The signals 36 are generated at a constant rate. At the end of the sweep 42, as the beam retraces across the gratings 32, the frequency of the signal 48 thus generated is much greater than the frequency of the signal 36. After the beam reaches the end of its retraced sweep, it again sweeps over the transparent end of the grate 30 for generating a signal 44 shown at 44' in FIG. 2a to indicate a repetition of the first signal. The cycle thus commences again as described above.
FIG. 2b illustrates the curve of FIG. 2a with only the higher frequency components shown. The low frequency or DC components of FIG. 2a shown in FIG. 2b are passed through a band pass filter 50, FIG. 3, which will be described in greater detail hereinbelow, to generate the signals shown in FIG. 2d. The abrupt changes caused when the low frequency signals 36 or the high frequency signals 48 change to a positive DC level are shown as positive going spikes at the point of change. Similarly, the change from the DC level to the saw tooth signals are shown as negative going spikes. The high frequency component of the signal shown in FIGS. 2a and 2c is filtered to eliminate the high frequency signal 48 and pass the lower frequency signal 36 shown at FIG. 2e.
These signal components shown in FIGS. 2d and 2e are recombined as they actually pass through the filter 50 in FIG. 2f. Here, it should be noted that the first grate 40 produces a first signal 37" which is substantially larger than the other sine wave signals. This amplification is due to the transient effect generated as the light beam passes from the transparent end portions of the grating 30 onto the plurality of grates 32. The first abrupt change generates a much larger signal than the following changes. FIG. 2g illustrates the timing of the signal applied to the galvanometer coil 26 for initiating the trace and retrace of the beam. Note that the retrace signals are initiated at some time before the beginning of the low frequency signal 36 and the higher frequency signal 48 since it is understood that the beam must begin to move before it strikes the grating which generates these signals. By utilizing the start of scan signal shown at FIG. 2g to reset suitable gating devices described hereinbelow, it is possible to remove all but one transient signal from the filtered signal of FIG. 2f and insure that but one transient will be identified by the first grate detector circuitry as the first grate.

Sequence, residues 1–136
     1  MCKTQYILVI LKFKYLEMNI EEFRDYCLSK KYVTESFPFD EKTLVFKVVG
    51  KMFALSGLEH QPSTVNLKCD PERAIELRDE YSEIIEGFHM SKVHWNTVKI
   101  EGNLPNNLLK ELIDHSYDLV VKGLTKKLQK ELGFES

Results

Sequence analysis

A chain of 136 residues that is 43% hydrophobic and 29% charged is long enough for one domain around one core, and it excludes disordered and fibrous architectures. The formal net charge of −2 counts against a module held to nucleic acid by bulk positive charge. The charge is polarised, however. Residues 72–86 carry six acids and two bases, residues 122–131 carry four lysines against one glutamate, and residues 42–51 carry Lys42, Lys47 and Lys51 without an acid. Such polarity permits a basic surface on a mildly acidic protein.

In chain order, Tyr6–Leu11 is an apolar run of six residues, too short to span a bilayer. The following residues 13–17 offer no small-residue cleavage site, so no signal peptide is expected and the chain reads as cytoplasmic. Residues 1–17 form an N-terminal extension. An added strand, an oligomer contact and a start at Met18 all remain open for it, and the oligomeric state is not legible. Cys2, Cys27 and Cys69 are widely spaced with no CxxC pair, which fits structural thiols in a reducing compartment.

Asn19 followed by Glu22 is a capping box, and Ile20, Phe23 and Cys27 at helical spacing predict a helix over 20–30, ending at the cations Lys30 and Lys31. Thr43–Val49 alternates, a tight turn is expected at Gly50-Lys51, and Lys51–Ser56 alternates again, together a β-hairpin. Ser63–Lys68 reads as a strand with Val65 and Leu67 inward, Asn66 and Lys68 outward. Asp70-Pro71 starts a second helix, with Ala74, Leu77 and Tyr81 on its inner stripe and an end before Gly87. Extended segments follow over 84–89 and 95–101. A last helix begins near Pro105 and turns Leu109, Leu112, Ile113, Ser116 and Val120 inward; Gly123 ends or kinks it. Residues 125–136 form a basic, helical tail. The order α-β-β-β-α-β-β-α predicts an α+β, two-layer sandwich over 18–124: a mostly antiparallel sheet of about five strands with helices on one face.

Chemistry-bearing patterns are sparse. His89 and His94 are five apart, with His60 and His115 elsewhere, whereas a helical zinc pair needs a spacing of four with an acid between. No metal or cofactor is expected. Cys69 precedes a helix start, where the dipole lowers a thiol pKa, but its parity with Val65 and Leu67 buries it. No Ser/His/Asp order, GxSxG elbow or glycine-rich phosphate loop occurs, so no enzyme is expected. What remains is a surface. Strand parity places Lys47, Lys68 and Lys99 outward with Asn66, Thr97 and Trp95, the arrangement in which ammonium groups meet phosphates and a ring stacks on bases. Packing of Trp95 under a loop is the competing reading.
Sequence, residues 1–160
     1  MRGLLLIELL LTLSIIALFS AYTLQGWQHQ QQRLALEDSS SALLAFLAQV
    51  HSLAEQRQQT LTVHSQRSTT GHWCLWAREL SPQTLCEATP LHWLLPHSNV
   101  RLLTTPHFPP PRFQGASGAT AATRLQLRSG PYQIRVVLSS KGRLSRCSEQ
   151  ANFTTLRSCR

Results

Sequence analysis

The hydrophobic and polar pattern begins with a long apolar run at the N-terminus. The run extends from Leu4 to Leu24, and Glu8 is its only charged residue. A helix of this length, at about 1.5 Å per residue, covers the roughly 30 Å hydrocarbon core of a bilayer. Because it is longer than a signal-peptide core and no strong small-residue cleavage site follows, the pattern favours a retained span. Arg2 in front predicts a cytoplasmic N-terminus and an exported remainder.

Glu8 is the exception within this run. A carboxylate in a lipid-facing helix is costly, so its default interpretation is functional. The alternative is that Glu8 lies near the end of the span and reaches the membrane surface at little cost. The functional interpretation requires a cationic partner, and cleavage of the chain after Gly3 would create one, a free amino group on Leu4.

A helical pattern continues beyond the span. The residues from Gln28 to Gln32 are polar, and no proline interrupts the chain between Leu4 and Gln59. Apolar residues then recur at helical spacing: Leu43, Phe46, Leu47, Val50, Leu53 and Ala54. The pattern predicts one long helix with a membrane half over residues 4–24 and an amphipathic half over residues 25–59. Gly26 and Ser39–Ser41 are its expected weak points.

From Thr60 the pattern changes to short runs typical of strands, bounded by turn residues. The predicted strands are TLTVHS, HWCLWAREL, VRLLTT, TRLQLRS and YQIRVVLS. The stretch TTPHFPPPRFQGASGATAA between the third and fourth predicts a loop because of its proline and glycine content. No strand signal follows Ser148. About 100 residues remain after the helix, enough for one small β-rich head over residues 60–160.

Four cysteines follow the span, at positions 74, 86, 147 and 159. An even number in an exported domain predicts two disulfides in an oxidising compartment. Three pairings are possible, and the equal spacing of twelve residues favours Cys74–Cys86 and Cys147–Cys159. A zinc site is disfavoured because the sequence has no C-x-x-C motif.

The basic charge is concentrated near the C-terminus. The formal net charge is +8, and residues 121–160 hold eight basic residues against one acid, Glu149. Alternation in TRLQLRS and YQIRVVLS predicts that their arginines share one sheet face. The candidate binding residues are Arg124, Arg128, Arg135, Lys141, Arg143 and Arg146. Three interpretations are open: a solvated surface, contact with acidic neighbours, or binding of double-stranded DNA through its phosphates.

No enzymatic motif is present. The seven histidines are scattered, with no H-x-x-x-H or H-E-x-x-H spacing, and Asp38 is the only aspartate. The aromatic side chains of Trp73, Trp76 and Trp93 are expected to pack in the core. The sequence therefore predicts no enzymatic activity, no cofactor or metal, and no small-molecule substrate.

Referring now to FIG. 3, the first grate detector circuitry is shown in greater detail wherein the diode 34 is connected to a negative input port of an amplifier 52 whose positive input is connected to ground. The output of the amplifier 52 connects to the band pass filter 50 and through a feedback network represented by resistor 54 to its negative input. The output of the band pass filter 50 is applied to the positive input terminal of a grating detector 56 which is a comparator amplifier whose negative input terminal is connected to a zero crossing network illustrated by terminal 58. The output of the grating detector is applied to a grating terminal 60 which provides the grating signal information for the optical scanning system 10.
The output from filter 50 is also applied to the negative input terminal of a threshold detector 62 which is a comparator whose positive input terminal is connected to a first grate threshold circuit illustrated by terminals 64. Any signal that exceeds the first grate threshold generated by a network 64 is applied from the output of the threshold detector 62 to the input terminal of an AND gate 66 whose second input terminal 68 receives the start of scan signal applied to coil 26. When both signals are present at the input of AND gate 66, the output of AND gate 66 becomes the first grate detection signal applied to output terminal 70.